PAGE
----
Eating pistachios may help lower blood sugar and insulin levels and reverse some indicators of pre-diabetes, according to a study done in Spain.

Researchers found pistachios may promote healthier metabolism in people with pre-diabetes because the protein, fats and fiber in the nuts can help lower blood glucose. The study was published in this month’s Diabetes Care, a scientific journal of the American Diabetes Association.

The randomized, crossover and controlled clinical study ran 2011 to 2013, consisting of 54 adults with pre-diabetes divided into two groups.

One group ate 2 ounces of pistachios daily for four months, and then followed a control diet of olive oil and other fats instead of pistachios for four months. The second group began with the control diet followed by the pistachio diet. The diets were matched for protein, fiber and saturated fatty acids.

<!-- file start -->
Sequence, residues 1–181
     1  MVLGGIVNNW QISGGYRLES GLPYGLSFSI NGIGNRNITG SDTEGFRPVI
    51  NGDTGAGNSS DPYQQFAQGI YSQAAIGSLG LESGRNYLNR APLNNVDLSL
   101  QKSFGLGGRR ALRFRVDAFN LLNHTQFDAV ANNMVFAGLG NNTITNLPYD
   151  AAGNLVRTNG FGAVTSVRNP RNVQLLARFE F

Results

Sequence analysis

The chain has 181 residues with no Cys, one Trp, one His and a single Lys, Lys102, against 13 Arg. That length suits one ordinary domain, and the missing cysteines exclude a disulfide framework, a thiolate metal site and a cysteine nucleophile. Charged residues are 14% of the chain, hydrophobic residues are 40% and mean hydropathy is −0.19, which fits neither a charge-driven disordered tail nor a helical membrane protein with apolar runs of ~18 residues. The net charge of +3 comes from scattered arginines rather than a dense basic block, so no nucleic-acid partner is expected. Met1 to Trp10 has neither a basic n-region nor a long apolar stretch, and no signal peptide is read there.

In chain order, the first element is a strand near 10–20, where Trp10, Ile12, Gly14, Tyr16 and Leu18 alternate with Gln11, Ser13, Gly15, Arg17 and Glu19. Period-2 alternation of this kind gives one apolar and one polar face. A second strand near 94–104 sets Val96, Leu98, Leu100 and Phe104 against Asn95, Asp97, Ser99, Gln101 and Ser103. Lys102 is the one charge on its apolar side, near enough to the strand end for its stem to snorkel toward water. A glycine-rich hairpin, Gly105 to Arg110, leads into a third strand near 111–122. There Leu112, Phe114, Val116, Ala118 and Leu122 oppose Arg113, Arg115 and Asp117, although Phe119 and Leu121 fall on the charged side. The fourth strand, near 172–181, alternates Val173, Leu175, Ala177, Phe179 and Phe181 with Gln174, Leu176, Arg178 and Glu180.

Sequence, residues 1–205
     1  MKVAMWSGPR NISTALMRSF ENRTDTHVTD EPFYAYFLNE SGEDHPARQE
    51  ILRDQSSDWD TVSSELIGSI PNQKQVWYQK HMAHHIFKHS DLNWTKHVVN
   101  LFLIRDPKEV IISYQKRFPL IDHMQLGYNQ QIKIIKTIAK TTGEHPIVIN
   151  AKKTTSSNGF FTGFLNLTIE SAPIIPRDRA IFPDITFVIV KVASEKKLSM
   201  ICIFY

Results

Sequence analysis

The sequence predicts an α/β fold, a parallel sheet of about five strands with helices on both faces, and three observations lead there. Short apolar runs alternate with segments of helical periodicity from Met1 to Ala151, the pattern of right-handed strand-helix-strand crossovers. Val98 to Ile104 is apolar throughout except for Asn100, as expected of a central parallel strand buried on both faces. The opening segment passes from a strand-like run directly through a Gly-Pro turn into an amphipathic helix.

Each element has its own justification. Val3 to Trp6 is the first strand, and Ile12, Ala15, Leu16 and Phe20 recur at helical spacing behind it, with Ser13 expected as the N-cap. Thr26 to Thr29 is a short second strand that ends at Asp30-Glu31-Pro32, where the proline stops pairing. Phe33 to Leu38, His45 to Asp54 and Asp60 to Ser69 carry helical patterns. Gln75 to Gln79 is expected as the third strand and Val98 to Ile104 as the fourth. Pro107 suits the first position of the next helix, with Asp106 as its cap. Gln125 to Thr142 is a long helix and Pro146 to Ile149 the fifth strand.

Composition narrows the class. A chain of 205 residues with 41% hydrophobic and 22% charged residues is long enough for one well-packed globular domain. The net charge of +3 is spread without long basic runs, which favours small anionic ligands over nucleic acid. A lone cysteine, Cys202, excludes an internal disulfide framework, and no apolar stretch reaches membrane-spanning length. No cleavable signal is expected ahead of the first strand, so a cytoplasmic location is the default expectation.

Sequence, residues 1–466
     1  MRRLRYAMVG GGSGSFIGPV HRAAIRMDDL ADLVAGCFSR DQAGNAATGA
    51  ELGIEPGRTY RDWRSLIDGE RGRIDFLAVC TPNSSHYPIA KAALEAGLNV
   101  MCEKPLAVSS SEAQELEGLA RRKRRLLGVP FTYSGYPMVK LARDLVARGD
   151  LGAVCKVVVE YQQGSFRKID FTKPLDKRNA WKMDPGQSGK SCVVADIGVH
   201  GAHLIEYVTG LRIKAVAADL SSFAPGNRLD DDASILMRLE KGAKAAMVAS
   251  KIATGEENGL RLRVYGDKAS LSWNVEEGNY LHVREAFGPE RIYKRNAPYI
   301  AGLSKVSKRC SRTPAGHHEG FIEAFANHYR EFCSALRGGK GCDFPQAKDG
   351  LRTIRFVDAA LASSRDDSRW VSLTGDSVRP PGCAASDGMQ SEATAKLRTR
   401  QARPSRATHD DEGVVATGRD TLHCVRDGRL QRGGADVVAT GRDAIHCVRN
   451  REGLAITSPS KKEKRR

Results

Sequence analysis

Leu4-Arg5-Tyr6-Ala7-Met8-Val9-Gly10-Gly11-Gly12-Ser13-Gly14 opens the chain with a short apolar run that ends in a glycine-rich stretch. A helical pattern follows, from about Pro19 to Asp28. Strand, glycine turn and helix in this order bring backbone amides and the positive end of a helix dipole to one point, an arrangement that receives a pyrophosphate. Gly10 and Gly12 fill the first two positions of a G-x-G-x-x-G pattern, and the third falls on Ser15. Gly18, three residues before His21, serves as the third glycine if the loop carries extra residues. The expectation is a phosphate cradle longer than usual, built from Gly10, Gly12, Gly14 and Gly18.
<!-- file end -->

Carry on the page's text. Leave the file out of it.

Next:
The researchers confirmed fasting blood sugar levels, insulin and hormonal markers decreased significantly during the pistachio diet compared to the control diet, where these levels and markers actually increased.

Signs of inflammation were also reported to have decreased among the pistachio diet.

Neither group experienced weight gain.

“This is good news for the many people who may be at risk of developing type 2 diabetes,” Arianna Carughi, nutrition consultant to American Pistachio Growers, said in a news release. “Additionally, pistachios are lower in calories than other nuts and have higher levels of bioactive compounds like lutein, beta-carotene, gamma tocopherol and phytosterols.”

The study was funded in part, but not designed, by the American Pistachio Growers.